List of features

This page aims to list all features currently supported by Godot.


This page lists features supported by the current stable version of Godot (4.0). Some of these features may not be available in the LTS release series (3.x).


Can run both the editor and exported projects:

  • Windows 7 and later (64-bit and 32-bit).

  • macOS 10.12 and later (64-bit, x86 and ARM).

  • Linux (64-bit, x86 and ARM).

    • Binaries are statically linked and can run on any distribution if compiled on an old enough base distribution.

    • Official binaries are compiled on Ubuntu 14.04.

    • 32-bit binaries can be compiled from source.

  • Android 6.0 and later (editor support is experimental).

  • Web browsers. Experimental in 4.0, using Godot 3.x is recommended instead when targeting HTML5.

Runs exported projects:

Godot aims to be as platform-independent as possible and can be ported to new platforms with relative ease.



  • Scene tree editor.

  • Built-in script editor.

  • Support for external script editors such as Visual Studio Code or Vim.

  • GDScript debugger.

    • No support for debugging in threads yet.

  • Visual profiler with CPU and GPU time indications for each step of the rendering pipeline.

  • Performance monitoring tools, including custom performance monitors.

  • Live script reloading.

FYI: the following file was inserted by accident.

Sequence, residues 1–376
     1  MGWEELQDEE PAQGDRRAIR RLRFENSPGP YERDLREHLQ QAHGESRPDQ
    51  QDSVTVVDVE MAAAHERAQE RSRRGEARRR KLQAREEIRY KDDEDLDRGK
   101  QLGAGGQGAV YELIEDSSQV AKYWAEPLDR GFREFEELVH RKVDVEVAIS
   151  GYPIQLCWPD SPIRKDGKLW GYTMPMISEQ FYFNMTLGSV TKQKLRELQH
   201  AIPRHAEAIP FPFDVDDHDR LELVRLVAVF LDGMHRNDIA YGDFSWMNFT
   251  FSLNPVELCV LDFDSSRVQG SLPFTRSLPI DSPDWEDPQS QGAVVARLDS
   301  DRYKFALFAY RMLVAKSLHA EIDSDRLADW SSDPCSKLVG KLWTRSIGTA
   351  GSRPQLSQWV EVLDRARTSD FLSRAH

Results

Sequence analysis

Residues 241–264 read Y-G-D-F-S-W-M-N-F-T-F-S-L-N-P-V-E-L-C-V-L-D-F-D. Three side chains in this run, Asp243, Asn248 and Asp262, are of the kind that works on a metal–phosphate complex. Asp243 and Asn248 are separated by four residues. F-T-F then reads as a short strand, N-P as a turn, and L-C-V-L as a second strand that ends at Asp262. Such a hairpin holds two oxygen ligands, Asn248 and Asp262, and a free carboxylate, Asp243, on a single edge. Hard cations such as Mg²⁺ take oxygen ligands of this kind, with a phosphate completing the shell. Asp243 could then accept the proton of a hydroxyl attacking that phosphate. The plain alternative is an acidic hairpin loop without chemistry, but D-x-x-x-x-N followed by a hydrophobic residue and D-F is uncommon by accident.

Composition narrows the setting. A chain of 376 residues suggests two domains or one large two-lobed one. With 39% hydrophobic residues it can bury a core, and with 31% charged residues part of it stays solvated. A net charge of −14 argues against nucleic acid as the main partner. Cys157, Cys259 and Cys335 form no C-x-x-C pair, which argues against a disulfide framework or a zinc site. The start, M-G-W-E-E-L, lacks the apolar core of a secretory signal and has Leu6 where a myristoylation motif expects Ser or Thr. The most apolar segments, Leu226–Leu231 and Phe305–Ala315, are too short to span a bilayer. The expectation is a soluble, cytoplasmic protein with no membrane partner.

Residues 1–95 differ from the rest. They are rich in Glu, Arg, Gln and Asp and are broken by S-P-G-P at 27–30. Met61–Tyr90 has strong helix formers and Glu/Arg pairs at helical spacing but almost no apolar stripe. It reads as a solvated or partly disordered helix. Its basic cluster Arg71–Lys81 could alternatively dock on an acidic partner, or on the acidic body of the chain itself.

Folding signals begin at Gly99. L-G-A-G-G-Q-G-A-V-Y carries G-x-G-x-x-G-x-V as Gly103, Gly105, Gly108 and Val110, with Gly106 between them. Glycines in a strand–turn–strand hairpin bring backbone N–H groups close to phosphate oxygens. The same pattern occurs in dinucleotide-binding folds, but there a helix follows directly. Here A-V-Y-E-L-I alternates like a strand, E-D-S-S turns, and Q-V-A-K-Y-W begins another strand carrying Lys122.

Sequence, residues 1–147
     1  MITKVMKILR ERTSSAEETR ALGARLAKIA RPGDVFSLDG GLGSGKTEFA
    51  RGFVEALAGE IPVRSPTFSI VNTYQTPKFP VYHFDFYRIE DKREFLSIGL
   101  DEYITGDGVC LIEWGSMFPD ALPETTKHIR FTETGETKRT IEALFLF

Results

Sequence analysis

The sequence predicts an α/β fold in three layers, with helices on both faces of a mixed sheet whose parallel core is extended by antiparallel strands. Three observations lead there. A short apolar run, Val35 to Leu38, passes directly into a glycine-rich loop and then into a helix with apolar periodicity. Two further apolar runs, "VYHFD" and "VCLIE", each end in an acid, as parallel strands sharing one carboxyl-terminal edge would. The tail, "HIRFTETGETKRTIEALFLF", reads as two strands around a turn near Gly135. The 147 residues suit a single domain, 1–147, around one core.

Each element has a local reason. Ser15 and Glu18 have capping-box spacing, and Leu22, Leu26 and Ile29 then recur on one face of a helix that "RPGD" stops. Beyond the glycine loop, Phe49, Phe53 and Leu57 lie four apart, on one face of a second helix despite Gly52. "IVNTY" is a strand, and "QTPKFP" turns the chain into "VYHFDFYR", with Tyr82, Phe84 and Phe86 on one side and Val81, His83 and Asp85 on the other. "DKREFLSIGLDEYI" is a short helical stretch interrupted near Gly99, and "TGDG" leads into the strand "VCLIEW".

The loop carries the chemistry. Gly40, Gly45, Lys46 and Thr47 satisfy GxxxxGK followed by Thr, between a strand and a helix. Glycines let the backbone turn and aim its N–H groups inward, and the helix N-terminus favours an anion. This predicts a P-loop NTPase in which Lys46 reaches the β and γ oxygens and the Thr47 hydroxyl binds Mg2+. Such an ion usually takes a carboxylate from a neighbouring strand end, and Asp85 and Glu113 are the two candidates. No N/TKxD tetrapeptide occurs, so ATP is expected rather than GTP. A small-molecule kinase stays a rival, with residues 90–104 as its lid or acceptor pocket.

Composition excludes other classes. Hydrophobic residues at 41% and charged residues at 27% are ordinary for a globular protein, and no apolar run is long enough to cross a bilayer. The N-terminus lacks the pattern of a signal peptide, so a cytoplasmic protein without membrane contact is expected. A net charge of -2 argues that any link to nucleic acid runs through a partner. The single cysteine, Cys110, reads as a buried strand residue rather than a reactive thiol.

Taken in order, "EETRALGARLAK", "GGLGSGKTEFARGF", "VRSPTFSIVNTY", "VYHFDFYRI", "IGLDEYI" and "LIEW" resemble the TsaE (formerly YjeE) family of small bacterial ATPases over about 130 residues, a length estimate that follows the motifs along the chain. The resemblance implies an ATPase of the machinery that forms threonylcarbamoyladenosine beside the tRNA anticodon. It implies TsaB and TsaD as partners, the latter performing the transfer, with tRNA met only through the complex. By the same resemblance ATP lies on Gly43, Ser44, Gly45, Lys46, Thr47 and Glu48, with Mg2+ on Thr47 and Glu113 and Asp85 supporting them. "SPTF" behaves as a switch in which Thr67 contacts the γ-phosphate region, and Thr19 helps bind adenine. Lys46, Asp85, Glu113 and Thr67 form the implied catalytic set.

• Live scene editing.

    • Changes will reflect in the editor and will be kept after closing the running project.

  • Remote inspector.

    • Changes won't reflect in the editor and won't be kept after closing the running project.

  • Live camera replication.

    • Move the in-editor camera and see the result in the running project.

  • Built-in offline class reference documentation.

  • Use the editor in dozens of languages contributed by the community.



3 rendering methods (running over 2 rendering drivers) are available:

  • Forward+, running over Vulkan 1.0 (with optional Vulkan 1.1 and 1.2 features). The most advanced graphics backend, suited for desktop platforms only. Used by default on desktop platforms.

  • Forward Mobile, running over Vulkan 1.0 (with optional Vulkan 1.1 and 1.2 features). Less features, but renders simple scenes faster. Suited for mobile and desktop platforms. Used by default on mobile platforms.

  • Compatibility, running over OpenGL 3.3 / OpenGL ES 3.0 / WebGL 2.0. The least advanced graphics backend, suited for low-end desktop and mobile platforms. Used by default on the web platform.

2D graphics

  • Sprite, polygon and line rendering.

    • High-level tools to draw lines and polygons such as Polygon2D and Line2D, with support for texturing.

  • AnimatedSprite2D as a helper for creating animated sprites.

  • Parallax layers.

    • Pseudo-3D support including preview in the editor.

  • 2D lighting with normal maps and specular maps.

    • Point (omni/spot) and directional 2D lights.

    • Hard or soft shadows (adjustable on a per-light basis).

    • Custom shaders can access a real-time SDF representation of the 2D scene based on LightOccluder2D nodes, which can be used for improved 2D lighting effects including 2D global illumination.

  • Font rendering using bitmaps, rasterization using FreeType or multi-channel signed distance fields (MSDF).